Sujata Sheth ’97

Year of Graduation: 
Sujata Sheth

"I feel that now I am really making a difference. I’m doing what I was trained to do."

For emergency room physician Sujata Sheth ’97, the coronavirus pandemic brought affirmation. Treating and saving the lives of hundreds of patients in one of Singapore’s busiest public hospitals, she says, has made her fall in love with being a doctor all over again.

Since February, when the first coronavirus case was diagnosed in the Southeast Asian nation where she’s lived for the past eight years, Dr. Sheth has not lost one patient. “Considering the devastation this virus has caused around the world, I feel very fortunate,” she explains from Changi General Hospital, one of the 10 public hospitals on the island.

Before COVID-19, Dr. Sheth remembers days practicing in the U.S. filled with prescription writing and treating “college students who got drunk and fell into dumpsters,” and asking herself, “Is this really why I went into the field of medicine?”

“It was not very rewarding,” the 41-year-old admits. “I feel that now I am really making a difference. I’m doing what I was trained to do.”

Sujata ShethFor the past five months, Dr. Sheth has been working intense, 45-hour work weeks in a high-pressure ER environment fighting a virus that had killed more than 500,000 people worldwide by the end of June. In Singapore, a nation-state of 5.6 million people, there were 44,000 confirmed cases and 26 deaths as of July 1. “I’ve seen how this public institution with just enough resources has managed the pandemic really well,” she says.

Her biggest worry is bringing the virus home to her husband, two young daughters and 82-year-old father. Experiencing the precautions taken from the top down and the reaction of the citizens in her adoptive nation calms her. “The response here has been one of togetherness, not one country for just some,” she says. “I have had all the personal protective equipment I have needed. There is comfort in that safety.”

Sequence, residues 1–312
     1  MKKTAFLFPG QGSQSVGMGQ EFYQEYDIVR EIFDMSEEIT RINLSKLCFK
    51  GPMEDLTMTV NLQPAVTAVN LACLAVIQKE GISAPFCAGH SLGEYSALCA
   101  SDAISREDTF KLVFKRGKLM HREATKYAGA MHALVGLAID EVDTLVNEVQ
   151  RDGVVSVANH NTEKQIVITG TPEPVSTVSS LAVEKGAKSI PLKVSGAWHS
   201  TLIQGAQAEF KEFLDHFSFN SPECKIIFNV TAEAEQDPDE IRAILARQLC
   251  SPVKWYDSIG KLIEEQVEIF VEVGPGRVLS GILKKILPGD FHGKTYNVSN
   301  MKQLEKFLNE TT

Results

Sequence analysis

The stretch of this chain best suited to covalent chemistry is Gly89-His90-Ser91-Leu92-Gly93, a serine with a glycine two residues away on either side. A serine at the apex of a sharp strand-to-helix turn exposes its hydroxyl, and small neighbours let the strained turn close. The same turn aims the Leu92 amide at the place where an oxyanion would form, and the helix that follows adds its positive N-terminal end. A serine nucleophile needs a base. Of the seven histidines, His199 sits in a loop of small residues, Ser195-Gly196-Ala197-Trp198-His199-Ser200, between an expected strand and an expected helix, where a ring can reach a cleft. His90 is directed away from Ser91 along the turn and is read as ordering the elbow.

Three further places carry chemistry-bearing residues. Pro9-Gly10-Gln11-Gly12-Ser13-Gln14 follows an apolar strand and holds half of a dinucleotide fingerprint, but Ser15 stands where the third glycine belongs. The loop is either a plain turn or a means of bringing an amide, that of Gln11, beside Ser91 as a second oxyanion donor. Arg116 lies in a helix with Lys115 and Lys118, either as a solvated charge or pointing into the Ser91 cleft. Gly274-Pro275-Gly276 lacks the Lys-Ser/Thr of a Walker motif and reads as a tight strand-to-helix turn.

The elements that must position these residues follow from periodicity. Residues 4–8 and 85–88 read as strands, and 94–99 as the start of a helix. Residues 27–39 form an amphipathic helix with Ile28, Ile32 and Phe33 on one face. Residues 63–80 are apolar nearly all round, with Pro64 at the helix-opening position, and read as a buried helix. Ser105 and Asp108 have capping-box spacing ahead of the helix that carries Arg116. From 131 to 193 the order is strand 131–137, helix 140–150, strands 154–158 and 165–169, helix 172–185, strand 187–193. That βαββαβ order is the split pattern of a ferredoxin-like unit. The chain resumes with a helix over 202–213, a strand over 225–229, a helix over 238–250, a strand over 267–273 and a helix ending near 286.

Dr. Sheth always thought she’d return to America when her daughters were teenagers, but now she’s decided to stay put, partly because of the positive way Singapore has handled the pandemic and also because she feels it is a safer place to raise her children. “It’s been difficult to see what is happening in America right now,” she says. She recalls when she was a student at the Academy she never walked downtown alone because she didn’t feel safe. Twenty years later, she says, she sees that only baby steps have been made toward racial equality.

Dr. Sheth’s success fighting the virus has been bittersweet. In fact, at times she confesses to feeling pangs of survivor’s guilt. She trained at the Elmhurst trauma center in Queens, New York, an area beset with the coronavirus. Hearing that colleagues there, including her mentor, did not have enough personal protective equipment was distressing. “It was devastating when some of my former colleagues asked me to help them source masks and to later learn that some were infected with the virus,” she said. “They are on the front lines in some of the hardest-hit places without all the personal protective equipment — at the most basic level, that is what was owed to them.”

She credits the soft skills she learned at the Academy for helping her weather the pandemic’s most difficult moments. “At Exeter you realize how resilient you are, that you can survive through the toughest challenge,” she says. “You learn self-value, that you can do something and even if it’s hard, you keep going and you come out healthy and strong.”

What else did the pandemic teach her? “I learned how to drive on the right side,” she says with a laugh.”

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